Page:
FARMING is a very important economic undertaking in every country. It is on farmland where rearing of animals and growing of crops, which are used to feed the nation, take place. No people can survive without food, therefore, the production of food is the priority of every country and those who produce food are enabled to succeed in doing so.
However, that reality as it may, the Agricultural (Commercial) Land Reform Act, 1995 Act No. 6 of 1995 imposes land tax through its provisions on farmers who produce food for the country. Those who perceived the idea of imposing this land tax might have had the intention of using the money, which is collected through such tax, to buy land for resettlement purposes. They might have also argued that farming is a business venture like all the other businesses therefore the farmers must pay land tax like other business owners. There is nothing illegal about this land tax, but that as it may, there are issues the initiators of this land tax did not take into consideration, which have negative effects on the commercial farmers.
Poverty reduction can also be partly achieved through development of agriculture, which produces food because it is a fact that people eat and survive from food. And if there are some people who do some things that other people do not do, there are no people, no matter where, who cannot eat food and survive and those involved in agricultural development and food production produce this food.
All these have to be done and maintained. Even if the farming is sometimes plagued by infectious diseases – which kill the animals, or faced with serious long periods of drought – which affect the farming activities negatively, there is no doubt that the farmers are producers of indispensable and vital food for the people of the given country where they are farming.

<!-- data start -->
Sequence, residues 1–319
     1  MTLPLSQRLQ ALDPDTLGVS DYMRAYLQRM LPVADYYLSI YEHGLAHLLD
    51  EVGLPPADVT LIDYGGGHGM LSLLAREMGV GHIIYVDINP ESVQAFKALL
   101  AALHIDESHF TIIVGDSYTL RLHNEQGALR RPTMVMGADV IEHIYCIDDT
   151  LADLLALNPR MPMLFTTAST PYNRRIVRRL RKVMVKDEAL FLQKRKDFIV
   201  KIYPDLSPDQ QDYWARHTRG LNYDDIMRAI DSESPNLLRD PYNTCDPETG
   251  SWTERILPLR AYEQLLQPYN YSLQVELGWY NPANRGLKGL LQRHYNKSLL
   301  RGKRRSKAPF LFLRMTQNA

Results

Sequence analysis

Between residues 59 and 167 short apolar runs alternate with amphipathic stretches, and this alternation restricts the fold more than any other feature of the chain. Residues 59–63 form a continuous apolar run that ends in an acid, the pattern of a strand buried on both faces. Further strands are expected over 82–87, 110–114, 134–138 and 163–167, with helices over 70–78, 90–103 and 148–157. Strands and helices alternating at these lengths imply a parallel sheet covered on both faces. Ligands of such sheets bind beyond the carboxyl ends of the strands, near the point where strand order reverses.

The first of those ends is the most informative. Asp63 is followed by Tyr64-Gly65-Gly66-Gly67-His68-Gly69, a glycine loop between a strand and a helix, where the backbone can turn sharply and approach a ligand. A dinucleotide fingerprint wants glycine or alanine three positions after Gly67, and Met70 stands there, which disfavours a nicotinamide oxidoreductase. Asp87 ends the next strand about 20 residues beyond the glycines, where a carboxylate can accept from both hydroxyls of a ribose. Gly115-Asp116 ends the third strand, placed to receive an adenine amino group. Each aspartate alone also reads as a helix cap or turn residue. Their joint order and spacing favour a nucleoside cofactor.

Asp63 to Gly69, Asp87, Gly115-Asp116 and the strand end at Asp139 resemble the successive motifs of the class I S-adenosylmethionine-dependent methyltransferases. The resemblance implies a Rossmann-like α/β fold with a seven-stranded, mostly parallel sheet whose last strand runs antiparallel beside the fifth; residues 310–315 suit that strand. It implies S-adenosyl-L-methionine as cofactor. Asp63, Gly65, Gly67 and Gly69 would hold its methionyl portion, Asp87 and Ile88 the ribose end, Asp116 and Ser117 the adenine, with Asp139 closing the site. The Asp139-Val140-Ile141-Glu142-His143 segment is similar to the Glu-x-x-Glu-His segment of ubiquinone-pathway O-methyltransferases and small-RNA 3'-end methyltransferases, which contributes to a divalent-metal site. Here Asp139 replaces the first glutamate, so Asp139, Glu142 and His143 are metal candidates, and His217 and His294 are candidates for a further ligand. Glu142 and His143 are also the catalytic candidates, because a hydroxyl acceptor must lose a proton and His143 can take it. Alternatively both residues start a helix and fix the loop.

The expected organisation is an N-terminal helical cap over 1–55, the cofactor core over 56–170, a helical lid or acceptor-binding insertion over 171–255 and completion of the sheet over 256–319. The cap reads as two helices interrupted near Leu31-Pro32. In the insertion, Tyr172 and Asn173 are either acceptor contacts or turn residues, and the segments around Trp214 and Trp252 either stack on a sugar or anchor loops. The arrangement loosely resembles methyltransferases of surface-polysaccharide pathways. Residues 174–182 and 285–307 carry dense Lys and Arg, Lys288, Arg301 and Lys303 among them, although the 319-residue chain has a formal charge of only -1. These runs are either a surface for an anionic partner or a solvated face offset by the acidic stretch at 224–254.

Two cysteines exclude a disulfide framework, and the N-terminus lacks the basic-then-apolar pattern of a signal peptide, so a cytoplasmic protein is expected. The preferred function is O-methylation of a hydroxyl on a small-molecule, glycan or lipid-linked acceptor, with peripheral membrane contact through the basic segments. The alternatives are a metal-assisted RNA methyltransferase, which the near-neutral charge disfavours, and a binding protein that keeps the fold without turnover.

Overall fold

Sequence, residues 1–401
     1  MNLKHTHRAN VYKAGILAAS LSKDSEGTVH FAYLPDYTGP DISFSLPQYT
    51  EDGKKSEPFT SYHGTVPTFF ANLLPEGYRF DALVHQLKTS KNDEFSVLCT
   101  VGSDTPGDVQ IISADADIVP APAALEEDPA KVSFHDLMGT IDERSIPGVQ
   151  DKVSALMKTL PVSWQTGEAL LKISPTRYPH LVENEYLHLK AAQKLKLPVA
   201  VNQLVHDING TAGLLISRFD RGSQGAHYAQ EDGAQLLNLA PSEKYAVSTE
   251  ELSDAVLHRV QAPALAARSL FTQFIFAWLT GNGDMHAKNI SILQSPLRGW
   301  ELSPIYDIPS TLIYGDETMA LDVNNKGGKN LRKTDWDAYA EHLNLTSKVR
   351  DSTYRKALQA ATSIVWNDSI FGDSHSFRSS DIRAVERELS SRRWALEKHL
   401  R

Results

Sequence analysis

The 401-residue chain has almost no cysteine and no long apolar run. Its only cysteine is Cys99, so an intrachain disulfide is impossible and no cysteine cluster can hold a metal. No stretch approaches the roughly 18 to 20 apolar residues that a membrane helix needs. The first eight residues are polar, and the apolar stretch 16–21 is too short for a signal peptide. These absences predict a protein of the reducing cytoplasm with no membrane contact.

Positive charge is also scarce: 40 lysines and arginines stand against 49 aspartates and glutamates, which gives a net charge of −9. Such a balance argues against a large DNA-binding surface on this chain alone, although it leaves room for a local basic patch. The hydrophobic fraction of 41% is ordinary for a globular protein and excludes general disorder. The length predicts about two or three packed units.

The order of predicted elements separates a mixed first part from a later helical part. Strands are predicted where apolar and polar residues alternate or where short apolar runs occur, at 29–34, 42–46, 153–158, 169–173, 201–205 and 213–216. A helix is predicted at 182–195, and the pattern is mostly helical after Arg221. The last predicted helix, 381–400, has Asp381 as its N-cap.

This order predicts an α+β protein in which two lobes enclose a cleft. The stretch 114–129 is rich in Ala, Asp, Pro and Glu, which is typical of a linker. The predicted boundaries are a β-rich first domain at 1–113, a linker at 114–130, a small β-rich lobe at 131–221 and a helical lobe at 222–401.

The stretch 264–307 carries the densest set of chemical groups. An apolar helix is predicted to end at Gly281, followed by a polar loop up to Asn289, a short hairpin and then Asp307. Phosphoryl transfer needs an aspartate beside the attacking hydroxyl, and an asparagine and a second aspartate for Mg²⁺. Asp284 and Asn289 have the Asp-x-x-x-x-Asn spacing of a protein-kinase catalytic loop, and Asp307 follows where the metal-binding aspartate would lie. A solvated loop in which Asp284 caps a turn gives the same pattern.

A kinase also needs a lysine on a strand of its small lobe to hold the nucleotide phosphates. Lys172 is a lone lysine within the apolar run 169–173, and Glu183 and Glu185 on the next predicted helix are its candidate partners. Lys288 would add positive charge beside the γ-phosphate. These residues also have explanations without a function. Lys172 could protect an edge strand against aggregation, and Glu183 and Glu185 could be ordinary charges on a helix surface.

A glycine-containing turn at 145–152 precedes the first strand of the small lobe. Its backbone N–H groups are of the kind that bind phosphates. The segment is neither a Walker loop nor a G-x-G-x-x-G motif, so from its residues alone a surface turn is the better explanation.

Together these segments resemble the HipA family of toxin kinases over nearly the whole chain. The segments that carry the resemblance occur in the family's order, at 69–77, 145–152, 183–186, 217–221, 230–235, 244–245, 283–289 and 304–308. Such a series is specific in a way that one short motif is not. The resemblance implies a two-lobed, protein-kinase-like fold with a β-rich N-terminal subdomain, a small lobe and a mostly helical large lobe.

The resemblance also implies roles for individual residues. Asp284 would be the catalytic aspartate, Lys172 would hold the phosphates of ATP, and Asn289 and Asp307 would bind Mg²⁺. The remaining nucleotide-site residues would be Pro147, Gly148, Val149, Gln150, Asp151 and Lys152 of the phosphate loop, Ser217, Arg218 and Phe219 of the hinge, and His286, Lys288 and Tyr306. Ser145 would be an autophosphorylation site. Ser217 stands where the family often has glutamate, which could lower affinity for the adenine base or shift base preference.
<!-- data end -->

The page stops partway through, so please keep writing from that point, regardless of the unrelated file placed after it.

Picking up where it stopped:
While expenditures on maintenance of the farms are drastically increasing, the profit and income on the farm products are sliding down. Therefore, it was, indeed, a myopic way of trying to solve the land problem by imposing punitive land tax on all the farmers but not imposing such land tax only on those who have multiple farms or excessive farmland or absentee landlords.
There are two options for formerly disadvantaged Namibian persons to get land. One of these is to apply for resettlement and be resettled on farmland by government under the National Resettlement Programme (NRP). The other one is to go to AgriBank and acquire loans through the Affirmative Action Loan Scheme (AALS). Those who are given land through NRP do not pay any money whatsoever, while those who dare to go to AgriBank and get loans under AALS are getting loans which they have to pay back with interest and on top of that they are subjected to heavy punitive land tax even if the size of the land they occupy is like that of those who got the land free of charge.
This land tax, therefore, is tantamount to punishing those who dared to meet the government halfway by sacrificing themselves through getting loans from AgriBank while applauding those who got land free of charge for having done so.
This negative factor has a devastating effect on formerly disadvantaged farmers and has resulted in some of those who got loans through the Affirmative Action Loan Scheme from AgriBank to abandon their farms and return to the so-called native reserves.
Since this land tax is not contained in Chapter 3 of the Constitution of Namibia, it is in my view high time to review this issue and impose this land tax only on those who are either absentee landlords or who have unnecessary excessive land. Food production is very important and very necessary and those who are producing food must be subsidized and helped instead of being subjected to punitive land tax.
It does not really make a lot of sense to subject even the formerly disadvantaged people, who patriotically dared to sacrifice and go to AgriBank to borrow money under the AALS to meet the government halfway through buying farm land, to punitive land tax while those who are given the same farm land free of charge by the government are not subjected to similar or any other financial burdens.
One might wonder, “Why should I bother going to the AgriBank and get a loan to buy farm land and just to be punished with land tax for that while I can get the same land free of charge and be applauded for that?”